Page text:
CEOs, Faculty Join in Search For MIT Sloan Dean

MIT’s Sloan School of Management is opening a search for a new dean to succeed Richard L. Schmalensee ’65, who is scheduled to step down in June after nine years at the helm of the business school.

A search committee of outside business leaders and Sloan faculty members has retained two professional search firms: Heidrick & Struggles, which recruits top executives for corporations, and Isaacson, Miller, which specializes in recruiting for nonprofit organizations.

Committee members completed a job description for the Sloan dean last week and circulated it within the Massachusetts Institute of Technology. It calls for a dean who, among other things, will “lead the faculty and other key stakeholders in the development of a strategy for 21st century management education and research at MIT Sloan.”

They will begin sharing the job description more widely this week, targeting potential outside candidates, search committee cochairmen Lawrence K. Fish and Gabriel R. Bitran PhD ’75 said in an interview.

Members of the search panel, which has been meeting weekly since December, have already compiled a list of about 100 candidates from within Sloan and MIT and from outside the Institute, said Fish, chairman and chief executive of Citizens Financial Group Inc. Other high-powered business leaders on the panel include John S. Reed, former Citicorp chairman, and Cara Carleton “Carly” Fiorina, former president and chief executive of Hewlett-Packard Co.

“We haven’t limited our thinking to an academic or nonacademic, a domestic or a nondomestic candidate,” Fish said.

Schmalensee, who disclosed his plans last fall to return to teaching, led Sloan through the past decade’s technology boom and bust and sharpened the school’s focus on global business and the management of high-technology and life-sciences companies.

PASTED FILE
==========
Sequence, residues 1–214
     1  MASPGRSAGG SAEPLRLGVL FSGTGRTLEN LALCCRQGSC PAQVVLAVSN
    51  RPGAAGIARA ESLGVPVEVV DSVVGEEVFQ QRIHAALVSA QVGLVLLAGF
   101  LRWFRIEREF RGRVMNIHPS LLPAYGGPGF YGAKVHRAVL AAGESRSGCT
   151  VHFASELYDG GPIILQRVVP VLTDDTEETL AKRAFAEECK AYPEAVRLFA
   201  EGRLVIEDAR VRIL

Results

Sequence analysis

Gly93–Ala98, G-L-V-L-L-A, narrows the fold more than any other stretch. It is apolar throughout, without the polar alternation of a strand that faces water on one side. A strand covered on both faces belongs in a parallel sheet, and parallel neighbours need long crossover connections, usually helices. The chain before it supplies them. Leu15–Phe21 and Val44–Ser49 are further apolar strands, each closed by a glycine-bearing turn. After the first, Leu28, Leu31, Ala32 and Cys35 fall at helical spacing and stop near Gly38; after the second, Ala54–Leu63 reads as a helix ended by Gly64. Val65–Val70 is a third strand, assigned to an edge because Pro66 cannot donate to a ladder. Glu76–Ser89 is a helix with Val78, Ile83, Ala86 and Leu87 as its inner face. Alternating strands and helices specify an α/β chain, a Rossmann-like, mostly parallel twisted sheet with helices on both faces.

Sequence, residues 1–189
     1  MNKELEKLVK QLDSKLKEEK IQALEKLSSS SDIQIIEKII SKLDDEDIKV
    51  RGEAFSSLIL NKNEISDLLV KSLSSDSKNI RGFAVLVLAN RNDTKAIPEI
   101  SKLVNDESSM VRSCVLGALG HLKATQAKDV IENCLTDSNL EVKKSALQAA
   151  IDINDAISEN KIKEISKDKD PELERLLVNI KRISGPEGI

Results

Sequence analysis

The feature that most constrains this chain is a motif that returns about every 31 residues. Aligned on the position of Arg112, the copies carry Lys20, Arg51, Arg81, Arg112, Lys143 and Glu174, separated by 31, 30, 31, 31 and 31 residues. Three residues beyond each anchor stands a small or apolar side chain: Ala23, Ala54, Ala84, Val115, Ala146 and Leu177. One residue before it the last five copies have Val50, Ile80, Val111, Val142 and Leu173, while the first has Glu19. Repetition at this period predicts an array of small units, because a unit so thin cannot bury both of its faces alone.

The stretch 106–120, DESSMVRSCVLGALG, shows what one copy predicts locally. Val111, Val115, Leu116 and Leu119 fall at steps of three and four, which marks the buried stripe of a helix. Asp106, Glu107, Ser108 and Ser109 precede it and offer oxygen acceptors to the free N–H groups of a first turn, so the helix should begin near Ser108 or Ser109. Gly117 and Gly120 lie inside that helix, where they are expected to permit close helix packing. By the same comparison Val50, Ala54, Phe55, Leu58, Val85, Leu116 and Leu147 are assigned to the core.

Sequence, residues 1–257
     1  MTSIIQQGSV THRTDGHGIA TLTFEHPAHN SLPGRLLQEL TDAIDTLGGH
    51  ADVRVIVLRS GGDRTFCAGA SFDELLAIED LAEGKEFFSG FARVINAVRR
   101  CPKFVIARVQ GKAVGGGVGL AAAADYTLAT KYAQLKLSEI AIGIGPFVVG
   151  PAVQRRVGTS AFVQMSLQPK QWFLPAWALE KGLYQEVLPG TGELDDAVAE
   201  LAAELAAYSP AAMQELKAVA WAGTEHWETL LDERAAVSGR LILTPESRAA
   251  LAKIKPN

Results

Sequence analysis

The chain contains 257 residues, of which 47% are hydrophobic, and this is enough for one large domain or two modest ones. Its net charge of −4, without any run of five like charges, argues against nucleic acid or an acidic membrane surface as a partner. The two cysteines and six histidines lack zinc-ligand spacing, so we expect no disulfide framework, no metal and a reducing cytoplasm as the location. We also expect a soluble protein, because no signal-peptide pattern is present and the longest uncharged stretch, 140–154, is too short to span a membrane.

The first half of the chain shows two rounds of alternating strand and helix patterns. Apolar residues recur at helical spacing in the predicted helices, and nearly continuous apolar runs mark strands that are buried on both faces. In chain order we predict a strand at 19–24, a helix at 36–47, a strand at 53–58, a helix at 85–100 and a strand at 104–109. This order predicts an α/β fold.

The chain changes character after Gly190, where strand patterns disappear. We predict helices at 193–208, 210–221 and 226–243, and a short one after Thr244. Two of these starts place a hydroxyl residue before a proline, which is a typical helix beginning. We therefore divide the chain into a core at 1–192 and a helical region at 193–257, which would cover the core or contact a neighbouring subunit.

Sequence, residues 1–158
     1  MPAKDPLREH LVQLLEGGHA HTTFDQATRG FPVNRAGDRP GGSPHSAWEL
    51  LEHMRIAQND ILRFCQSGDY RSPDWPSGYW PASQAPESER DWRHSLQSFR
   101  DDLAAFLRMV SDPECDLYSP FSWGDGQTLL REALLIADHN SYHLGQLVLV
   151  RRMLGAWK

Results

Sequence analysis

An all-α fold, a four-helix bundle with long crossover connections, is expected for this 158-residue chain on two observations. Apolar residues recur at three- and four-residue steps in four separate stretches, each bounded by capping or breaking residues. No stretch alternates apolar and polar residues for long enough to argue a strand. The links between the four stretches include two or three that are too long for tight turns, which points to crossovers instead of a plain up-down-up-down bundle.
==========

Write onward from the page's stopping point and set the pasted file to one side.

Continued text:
Schmalensee has raised $220 million and launched a $142 million building initiative for the Sloan campus. Sloan is breaking ground this spring on construction of a new 209,000-square-foot main classroom and administration building on Memorial Drive in Cambridge.

Along with the Wharton School at the University of Pennsylvania, Sloan is one of the few elite business schools in the United States offering an undergraduate program, as well as a two-year master’s of business administration degree and executive education programs. The school has 96 full-time faculty members and 1,000 students.

MIT president Susan Hockfield named a search committee of business leaders led by Fish and a search committee of faculty members led by Bitran, a Sloan professor of management. At their first meeting in November, Fish and Bitran decided to merge the panels into one committee that would conduct the search jointly.

With construction soon to begin on the new campus and the school moving forward with Schmalensee’s initiatives, Sloan is well positioned for the new dean, Bitran said. Among the goals for the next dean will be strengthening Sloan’s ties with the rest of MIT, perhaps expanding its joint degree programs with other MIT schools, and directing its education and research toward new sectors, like alternative energy, a field Hockfield has identified as a focus for all of MIT.

“We are becoming more and more focused on actions that can have a strong impact on society,” Bitran said. “For example, the energy effort at MIT is one that is tackling a very important issue. You will see a lot more integration with the institute, with Sloan working more closely with the engineering and sciences departments in the institute.”

Fish said the search committee is looking for candidates who can represent Sloan externally, through fund-raising and speaking out on management education, and can, as well, build bridges within MIT.

“We need the whole package: someone who can work in an academic environment and who can relate to the people who practice what we teach,” he said.

“This is a major, powerful business school in the heart of one of the elite universities in the world,” Fish concluded. “We’ll have no shortage of strong candidates.”